San Joaquim; skiing picture; sunset at Dos Alas.

Then it was time to head back to San Francisco. Well, I had a flight at noon the next day, so it would be technically possible to stop at Truckee, but definitely more risky. We did another visit to Devil’s Slide after bidding Lucas goodbye, and bootpacked directly (not in forest) two thirds of the way up. Good chance to test out my new gear. Navigation worked well. Had lunch in June Lake with a plate lunch from Ohanas 395 and a Russian (stroganoff) hand pie from Pies of the World in Placerville (which seems like a touristy town).

Albums so far:


We (well, mostly Christina) drove to the Eastern Sierras via Christina’s ski lease in Truckee. Christina drove all of the 7 hours there; I drove part of the way back.

Heart-shaped snowpatch; Mono Lake; Eastern Sierras

Lucas took us out skiing for 3 days. Since he lives in a van, it’s hard for him to provide accommodation. Christina managed to book a place in June Lake for us with two rooms. Super handy.

John-Kyle, who lived right next door to our accommodation, came out skiing with us on Mount Wood, and also lent me ski poles.

It was super useful to have local knowledge, since I don’t spend much of my time ski touring in the Eastern Sierras. We climbed Mount Wood, Devil’s Slide, and the Mammoth Rock Bowl. Thanks also to Lucas and Christina’s patience while I went shopping, before we went to eat.

The night before flying to Vancouver, Christina hosted me in her spare bedroom in SF, and then she drove me to the airport.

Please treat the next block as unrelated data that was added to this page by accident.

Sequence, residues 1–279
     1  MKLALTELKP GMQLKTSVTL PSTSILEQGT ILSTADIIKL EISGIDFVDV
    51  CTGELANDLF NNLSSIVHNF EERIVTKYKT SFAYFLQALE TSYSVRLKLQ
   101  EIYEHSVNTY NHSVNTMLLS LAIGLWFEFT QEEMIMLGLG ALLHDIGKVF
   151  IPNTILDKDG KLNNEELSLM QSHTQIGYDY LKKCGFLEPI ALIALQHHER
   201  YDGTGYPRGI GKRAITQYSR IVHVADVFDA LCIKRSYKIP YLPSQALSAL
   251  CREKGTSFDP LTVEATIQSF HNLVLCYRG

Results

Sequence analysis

Vancouver (briefly)

After the Eastern Sierras, it was back to Vancouver on an SFO-YVR flight. I took the SkyTrain from the airport downtown to meet Marcus. We decided to not spend $60 each (!!!) on visiting the Capilano Suspension Bridge, but did visit the nearby Cleveland Dam, and went on an impromptu trip to check out the Chief in Squamish. It was too rainy to climb on the weekend, though we did see boulderers in the boulder field at the base of the Chief.

Pond below Cleveland Dam; Capilano River Facility; mossy forest; the dam.

Tasty Persian food from Chelo Kitchen + Eatery, banh mi and a quick stop by Kozak.

Boulder at Squamish; at the counter at Kozak.



Marcus drove me around Vancouver, to West Vancouver, and we went on an impromptu trip to a somewhat soggy Squamish. He also drove me back to my airbnb. Then, the next day, he drove us to to Seattle.


I then stayed put in Seattle for the work week. Well, except for a day out at Mount Rainier. I spent Monday doing my April report and Western Newfoundland report, Tuesday at a workshop, Wednesday around and under Seattle, Thursday at Rainier, and out early morning Friday (taxi companies let me down for my 6am flight so I had to take an Uber at twice the cost).

Waiting for the W Seattle Bridge Trail drawbridge; cruiser bike FTW; PNW PLSE; Suzzallo library; me and Ardi; waiting for the Montlake bridge; Seattle at night.